How to Adult // Finances

Quick Tips for Financial Success as a Post-Graduate

The running joke with college students about finally being a young adult is constantly searching for ways to financial success.

Today’s generation has perfected the art of “fake adulting”. If you’ve never heard that term, it’s pretty self explanatory: an adult who has a lot of responsibilities but half-asses a majority of them. I’m not ashamed to say that I am one of them.

Becoming an adult means 40 hour work weeks, searching for apartments, attempting to pay bills, saving up for retirement, and purchasing your first car.

Honestly, the list goes on and on and so do the tears of thousands of young adults preparing to take the leap into the adulthood come this upcoming Spring.

There’s no better time to organize your life than in the Spring time, so here are 5 tips and tricks to help you make a smooth financial transition in (fake) adulthood.

1. Use the 50/30/20 rule as a basic guideline for budgeting

If you’re unfamiliar it means 50% goes to fixed expenses (ex. rent, bills), 30% flexible expenses (ex. groceries, going out) and 20% savings.

I’ll admit that it’s much easier to budget when you have a steady flow of income, but it never hurts to get a head start.

Create Excel budget spreadsheets specific to your needs and separate them into monthly and weekly sheets.

Staying organized is the number one way to get a hold of how much you’re spending.

2. Open a store credit card

If you’re having trouble getting approved for a credit card under your name because you have no credit then try opening up a store credit card first. Make a few small purchases using the card every other month or so and pay the bill on time every month.

After 6 months to a year of no late payments your credit report will show that you are a low risk candidate and make it easier to get a credit card with more benefits.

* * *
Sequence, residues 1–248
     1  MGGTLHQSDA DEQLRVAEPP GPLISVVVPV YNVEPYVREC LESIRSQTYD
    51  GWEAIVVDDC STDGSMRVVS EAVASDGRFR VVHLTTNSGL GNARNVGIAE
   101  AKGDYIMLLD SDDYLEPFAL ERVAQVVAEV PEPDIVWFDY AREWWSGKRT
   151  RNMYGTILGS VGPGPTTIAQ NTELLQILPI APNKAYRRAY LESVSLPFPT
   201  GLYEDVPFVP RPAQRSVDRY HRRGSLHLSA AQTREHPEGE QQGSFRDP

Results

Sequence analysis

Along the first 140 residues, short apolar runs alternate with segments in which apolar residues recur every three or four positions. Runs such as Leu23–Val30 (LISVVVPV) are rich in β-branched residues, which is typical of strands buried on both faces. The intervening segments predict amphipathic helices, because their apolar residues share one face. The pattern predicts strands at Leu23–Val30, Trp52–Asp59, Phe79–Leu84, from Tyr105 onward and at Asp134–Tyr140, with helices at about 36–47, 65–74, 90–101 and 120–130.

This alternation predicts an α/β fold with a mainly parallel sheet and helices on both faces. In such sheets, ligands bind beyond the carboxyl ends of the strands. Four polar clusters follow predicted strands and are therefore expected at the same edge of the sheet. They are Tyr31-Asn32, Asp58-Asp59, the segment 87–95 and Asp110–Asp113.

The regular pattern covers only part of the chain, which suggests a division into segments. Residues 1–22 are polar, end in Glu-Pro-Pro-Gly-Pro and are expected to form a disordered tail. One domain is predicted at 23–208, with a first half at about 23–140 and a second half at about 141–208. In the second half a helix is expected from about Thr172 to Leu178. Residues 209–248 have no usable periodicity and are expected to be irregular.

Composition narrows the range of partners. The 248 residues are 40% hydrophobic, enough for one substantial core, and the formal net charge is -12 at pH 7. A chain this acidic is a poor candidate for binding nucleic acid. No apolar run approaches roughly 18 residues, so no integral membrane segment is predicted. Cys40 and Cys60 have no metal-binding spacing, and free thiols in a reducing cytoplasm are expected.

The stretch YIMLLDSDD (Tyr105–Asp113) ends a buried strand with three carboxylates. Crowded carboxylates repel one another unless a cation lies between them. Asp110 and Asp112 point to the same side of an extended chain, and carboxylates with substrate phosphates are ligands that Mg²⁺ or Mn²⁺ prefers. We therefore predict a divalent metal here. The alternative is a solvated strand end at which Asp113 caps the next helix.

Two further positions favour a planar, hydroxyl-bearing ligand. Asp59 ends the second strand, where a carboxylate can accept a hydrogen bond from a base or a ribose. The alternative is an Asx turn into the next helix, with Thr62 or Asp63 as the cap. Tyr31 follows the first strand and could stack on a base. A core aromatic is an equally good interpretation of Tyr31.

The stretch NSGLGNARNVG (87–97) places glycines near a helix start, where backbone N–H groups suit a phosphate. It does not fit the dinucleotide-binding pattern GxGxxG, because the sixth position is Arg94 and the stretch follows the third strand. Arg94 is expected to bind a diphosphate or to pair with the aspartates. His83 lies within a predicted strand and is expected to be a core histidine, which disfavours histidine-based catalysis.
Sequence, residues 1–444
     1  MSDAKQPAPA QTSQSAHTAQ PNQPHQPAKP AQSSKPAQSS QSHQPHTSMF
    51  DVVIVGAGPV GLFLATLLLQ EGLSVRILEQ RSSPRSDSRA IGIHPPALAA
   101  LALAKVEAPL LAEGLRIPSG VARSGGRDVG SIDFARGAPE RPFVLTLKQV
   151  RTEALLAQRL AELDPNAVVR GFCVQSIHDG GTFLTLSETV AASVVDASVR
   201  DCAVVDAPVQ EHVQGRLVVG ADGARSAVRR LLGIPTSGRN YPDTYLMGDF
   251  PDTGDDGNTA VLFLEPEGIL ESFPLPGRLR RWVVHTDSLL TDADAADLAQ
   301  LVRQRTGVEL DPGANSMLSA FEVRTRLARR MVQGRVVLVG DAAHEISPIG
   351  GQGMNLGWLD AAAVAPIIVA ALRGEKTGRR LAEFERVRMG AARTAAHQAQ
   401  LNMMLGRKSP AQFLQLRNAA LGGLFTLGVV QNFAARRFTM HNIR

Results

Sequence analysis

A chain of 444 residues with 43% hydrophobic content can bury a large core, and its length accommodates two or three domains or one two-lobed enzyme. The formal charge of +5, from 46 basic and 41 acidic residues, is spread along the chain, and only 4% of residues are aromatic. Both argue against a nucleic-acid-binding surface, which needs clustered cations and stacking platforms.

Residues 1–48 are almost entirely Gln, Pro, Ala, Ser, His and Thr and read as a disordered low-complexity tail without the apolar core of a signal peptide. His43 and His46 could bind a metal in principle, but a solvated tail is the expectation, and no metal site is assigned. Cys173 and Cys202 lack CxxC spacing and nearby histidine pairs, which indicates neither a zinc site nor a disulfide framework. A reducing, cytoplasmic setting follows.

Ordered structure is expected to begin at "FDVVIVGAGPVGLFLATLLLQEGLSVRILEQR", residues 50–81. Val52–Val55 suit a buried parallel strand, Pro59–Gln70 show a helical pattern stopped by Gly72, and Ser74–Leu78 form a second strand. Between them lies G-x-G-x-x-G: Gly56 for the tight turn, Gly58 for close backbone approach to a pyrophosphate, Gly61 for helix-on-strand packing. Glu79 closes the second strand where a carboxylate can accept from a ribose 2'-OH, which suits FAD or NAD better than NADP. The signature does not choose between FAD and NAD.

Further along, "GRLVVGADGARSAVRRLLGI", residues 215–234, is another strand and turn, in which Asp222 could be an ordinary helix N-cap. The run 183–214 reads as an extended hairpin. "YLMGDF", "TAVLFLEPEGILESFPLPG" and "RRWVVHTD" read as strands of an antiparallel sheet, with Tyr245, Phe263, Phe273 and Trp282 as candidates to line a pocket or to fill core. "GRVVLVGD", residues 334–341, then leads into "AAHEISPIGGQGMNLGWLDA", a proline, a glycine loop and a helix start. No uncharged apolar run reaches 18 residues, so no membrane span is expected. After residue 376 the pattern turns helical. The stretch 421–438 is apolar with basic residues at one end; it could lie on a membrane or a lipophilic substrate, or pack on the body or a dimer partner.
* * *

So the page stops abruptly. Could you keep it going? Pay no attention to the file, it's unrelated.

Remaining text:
Be sure to check the interest rate because they are typically high for store cards.

Tip: Open a credit card to a store that you don’t shop at frequently to avoid making crazy impulse purchases. I opened a Victoria’s Secret credit card two years ago and only used it when they had their 7 for $27 deal, so it was easy to make the payments consistently and on time.

3. Let the money work for you

If you already have a credit card and a steady income (key word being steady) then have all your fixed expenses automatically charged to your card.

You’ll never make a late payment and you will rack up rewards points when you use the money you had allocated for fixed expenses to pay off your bill monthly.

Before you know it you’ll be taking free flights due to all the points you’ve acquired.

4. Rent a room in a house

Depending on where you live and work; instead of searching for an apartment, opt for renting space in duplex or get a house with friends or co-workers. You won’t be living like Eloise at the Plaza but your rent might be negotiable.

In addition, bills would be divided and rent would be split unless each room is rented individually. There’s more space for your money and you’ll feel more at home in a cozy place with character.

Everyone dreams of living in a high rise studio apartment but sometimes you have to make some sacrifices to in order to get where you’re going.

Tip: Ask friends and coworkers if they know people looking for roommates or know of anyone who has a vacant room in a house/duplex for rent.

5. Purchase second hand vs. new when getting your first place

During your college years if you lived in pre-furnished apartments or dorms or used secondhand furniture left by the occupant before you, then you might not own any basic living essentials such as a bedroom furniture or kitchen appliances.

Instead of investing in expensive furniture and appliances that you may not even get to enjoy because your job requires you to travel frequently, then try re-purposing.

Start by going to your parent’s house and asking them if there’s any furniture and appliances they’ve been wanting to toss. Ask friends and coworkers who are moving if they are selling anything and be sure to check out estate and garage sales.

Tip: Furniture might not be in the best condition when you receive them but with a bit of sanding and staining, they could look brand new. There are a ton of DIY’s on Pinterest and YouTube.

There you have it, 5 tips to get you on the fast track to financial security at an early age. If implemented correctly you’ll be following the #1 rule, which is to live within your means.

Thanks for reading and stay hungry to learn, create and grow!

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